WP3b Water management to control fruit quality.
This task aims to evaluate the efficacy of a recent innovative formulation of ABA which allows the application in field conditions. ABA treatments will be performed in trials concerning the irrigation study as well as in those specifically related to fruit quality enhancement. In the first case, an analysis of the apple “physiological water demand” will be performed by precision probing and the effect of ABA-based chemical on stomata functioning will be considered. In addition, the effect on fruit quality will be studied, taking into account that endogenous ABA is involved in the fruit ripening syndrome and assimilate accumulation and maintain its physiological role also in limited water availability conditions. In addition, the effect of the hormone formulation on sugar signalling pathways will be studied by means of a molecular approach. In detail, the transcriptional profiles of genes involved in ABA biosynthesis and carbohydrate metabolisms will be analyzed in apple fruit during development.
WP3c1Real time management of crop load and fruit growth based on the geo-spatial analytical method.
The existing know-how on modeling of apple fruit growth will be implemented. Fruit diameter data will be collected on selected trees within the experimental plot according to a protocol specified by DCA-UniBO. The data will be processed via proprietary algorithms and a diagnosis will be released as to the appropriateness of crop load on the monitored trees.
The reliability of real time site monitoring of fruit size will be verified. Data will be collected adopting state of the art geo-spatial analytical methods (Manfrini et al. 2009).
In this approach the following assessments of the evolution of crop quality traits will be provided in real-time: fruits size at harvest (forecast released every week), fruit size class distribution at harvest (released on average one month before harvest).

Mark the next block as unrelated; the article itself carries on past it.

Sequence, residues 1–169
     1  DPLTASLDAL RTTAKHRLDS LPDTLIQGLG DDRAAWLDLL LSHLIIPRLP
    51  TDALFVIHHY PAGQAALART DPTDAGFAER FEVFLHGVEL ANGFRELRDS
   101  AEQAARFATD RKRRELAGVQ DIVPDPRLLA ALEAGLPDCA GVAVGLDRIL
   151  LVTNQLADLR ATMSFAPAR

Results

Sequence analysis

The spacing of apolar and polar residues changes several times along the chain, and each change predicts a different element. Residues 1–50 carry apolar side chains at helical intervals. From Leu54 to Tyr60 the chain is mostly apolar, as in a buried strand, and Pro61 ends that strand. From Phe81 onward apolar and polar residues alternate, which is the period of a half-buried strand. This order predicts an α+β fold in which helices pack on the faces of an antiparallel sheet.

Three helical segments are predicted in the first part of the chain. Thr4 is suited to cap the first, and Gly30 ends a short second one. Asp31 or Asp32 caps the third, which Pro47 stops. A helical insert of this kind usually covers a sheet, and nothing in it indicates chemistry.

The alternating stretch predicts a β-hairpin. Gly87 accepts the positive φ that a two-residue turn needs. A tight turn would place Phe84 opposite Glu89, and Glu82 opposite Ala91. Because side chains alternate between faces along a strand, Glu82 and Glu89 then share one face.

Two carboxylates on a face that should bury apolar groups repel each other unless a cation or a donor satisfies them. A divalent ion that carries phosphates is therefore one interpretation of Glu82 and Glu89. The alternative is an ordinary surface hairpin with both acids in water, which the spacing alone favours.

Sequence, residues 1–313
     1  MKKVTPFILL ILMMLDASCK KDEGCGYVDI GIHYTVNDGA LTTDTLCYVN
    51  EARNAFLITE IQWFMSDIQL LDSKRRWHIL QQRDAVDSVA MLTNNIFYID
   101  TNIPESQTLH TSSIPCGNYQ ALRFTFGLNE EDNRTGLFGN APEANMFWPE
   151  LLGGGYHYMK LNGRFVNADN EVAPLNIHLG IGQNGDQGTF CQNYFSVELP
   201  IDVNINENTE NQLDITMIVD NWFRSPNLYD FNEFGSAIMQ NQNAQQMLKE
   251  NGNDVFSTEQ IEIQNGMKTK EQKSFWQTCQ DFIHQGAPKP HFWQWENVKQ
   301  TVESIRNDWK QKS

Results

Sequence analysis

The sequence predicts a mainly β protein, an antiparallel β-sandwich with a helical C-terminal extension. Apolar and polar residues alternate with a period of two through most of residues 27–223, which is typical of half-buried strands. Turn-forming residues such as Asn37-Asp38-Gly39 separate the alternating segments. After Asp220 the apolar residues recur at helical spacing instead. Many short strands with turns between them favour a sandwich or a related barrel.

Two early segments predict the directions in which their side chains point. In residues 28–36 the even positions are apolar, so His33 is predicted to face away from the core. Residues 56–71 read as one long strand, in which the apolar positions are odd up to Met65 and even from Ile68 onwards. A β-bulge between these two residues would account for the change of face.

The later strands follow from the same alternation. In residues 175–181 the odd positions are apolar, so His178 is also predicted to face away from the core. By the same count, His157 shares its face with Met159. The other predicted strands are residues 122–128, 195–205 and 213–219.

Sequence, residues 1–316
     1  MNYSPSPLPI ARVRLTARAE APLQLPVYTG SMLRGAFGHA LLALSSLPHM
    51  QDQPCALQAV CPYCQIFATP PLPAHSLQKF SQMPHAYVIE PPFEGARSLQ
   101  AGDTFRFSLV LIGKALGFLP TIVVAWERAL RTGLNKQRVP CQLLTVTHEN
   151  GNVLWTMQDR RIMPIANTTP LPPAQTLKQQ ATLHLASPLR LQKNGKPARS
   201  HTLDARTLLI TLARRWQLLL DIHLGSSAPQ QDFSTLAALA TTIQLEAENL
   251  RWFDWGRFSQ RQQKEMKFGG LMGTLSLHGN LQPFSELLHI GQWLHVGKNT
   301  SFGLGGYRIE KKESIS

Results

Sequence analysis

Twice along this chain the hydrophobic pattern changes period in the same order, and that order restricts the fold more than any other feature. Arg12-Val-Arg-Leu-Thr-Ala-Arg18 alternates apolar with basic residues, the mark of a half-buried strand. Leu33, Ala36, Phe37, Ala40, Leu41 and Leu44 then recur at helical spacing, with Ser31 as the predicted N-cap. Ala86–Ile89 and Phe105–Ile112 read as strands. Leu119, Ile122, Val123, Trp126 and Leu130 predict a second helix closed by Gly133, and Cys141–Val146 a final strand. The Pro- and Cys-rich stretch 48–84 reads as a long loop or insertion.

WP3c2 Innovative measuring tools for monitoring the build up of nutrients and the fruit ripening process.
The Department of Fruit Tree and Woody Plant Sciences of the University of Bologna developed a simple device (DA-Meter) which allows to define the ripening stage reached by the fruits in a more simple and rapid way. The DA-Meter is a portable, user-friendly vis/NIRs device capable of measuring an Index of Absorbance Difference (IAD) which do express with accuracy the ripening stage of the fruit. The DA-Meter is formed by 6 diode LEDs, all positioned around the photodiode detector, 3 diode LEDs emit at 670 nm wavelength and the other 3 emit at 720 nm. Based on fruit absorbance spectra, the IAD is calculated as IAD = A670 – A720 where A670 and A720, near the chlorophyll-a absorbance peak, were the A values at the wavelengths of 670 and 720 nm, respectively. The use of the DAmeter aims to evaluate under field conditions the difference in the fruit maturation/growth evolution according to the position within the canopy (light exposed or shaded), and type of bearing shoot (1 year old shoot , spur, etc). According to the differences detected, a decision will be taken to properly prune to increase the homogeneity of the ripening of the fruits at harvest. If this objective will be achieved, the batch of fruits harvested will be characterized by a uniform ripening stage and all the subsequent operations, such as harvest time definition, storage strategy choice, the type of market, the eventuality to apply chemical tools (such as 1-MCP to prolong storage and shelf-life), etc. will be precisely established. All these data will be collectively used to generate density maps of the experimental orchard and previous year data will be used to refine the experimental protocol of the subsequent year.